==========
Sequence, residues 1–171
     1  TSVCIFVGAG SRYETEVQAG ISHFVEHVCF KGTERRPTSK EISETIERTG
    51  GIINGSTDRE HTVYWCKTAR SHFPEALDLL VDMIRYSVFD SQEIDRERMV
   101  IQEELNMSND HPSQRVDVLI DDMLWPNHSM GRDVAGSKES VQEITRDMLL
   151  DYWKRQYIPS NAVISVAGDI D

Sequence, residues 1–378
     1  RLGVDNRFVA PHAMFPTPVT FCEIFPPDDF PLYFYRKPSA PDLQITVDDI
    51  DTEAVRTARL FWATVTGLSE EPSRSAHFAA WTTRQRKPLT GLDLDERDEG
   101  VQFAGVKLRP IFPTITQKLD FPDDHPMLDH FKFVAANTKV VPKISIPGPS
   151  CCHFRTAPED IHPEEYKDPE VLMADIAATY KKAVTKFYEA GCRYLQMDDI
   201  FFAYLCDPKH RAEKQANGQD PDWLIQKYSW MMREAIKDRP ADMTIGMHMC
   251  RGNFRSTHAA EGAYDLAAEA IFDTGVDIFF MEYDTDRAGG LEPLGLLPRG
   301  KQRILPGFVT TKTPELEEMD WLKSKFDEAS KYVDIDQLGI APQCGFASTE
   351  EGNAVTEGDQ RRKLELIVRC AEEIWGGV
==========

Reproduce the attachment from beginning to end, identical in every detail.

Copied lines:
Sequence, residues 1–171
     1  TSVCIFVGAG SRYETEVQAG ISHFVEHVCF KGTERRPTSK EISETIERTG
    51  GIINGSTDRE HTVYWCKTAR SHFPEALDLL VDMIRYSVFD SQEIDRERMV
   101  IQEELNMSND HPSQRVDVLI DDMLWPNHSM GRDVAGSKES VQEITRDMLL
   151  DYWKRQYIPS NAVISVAGDI D

Sequence, residues 1–378
     1  RLGVDNRFVA PHAMFPTPVT FCEIFPPDDF PLYFYRKPSA PDLQITVDDI
    51  DTEAVRTARL FWATVTGLSE EPSRSAHFAA WTTRQRKPLT GLDLDERDEG
   101  VQFAGVKLRP IFPTITQKLD FPDDHPMLDH FKFVAANTKV VPKISIPGPS
   151  CCHFRTAPED IHPEEYKDPE VLMADIAATY KKAVTKFYEA GCRYLQMDDI
   201  FFAYLCDPKH RAEKQANGQD PDWLIQKYSW MMREAIKDRP ADMTIGMHMC
   251  RGNFRSTHAA EGAYDLAAEA IFDTGVDIFF MEYDTDRAGG LEPLGLLPRG
   301  KQRILPGFVT TKTPELEEMD WLKSKFDEAS KYVDIDQLGI APQCGFASTE
   351  EGNAVTEGDQ RRKLELIVRC AEEIWGGV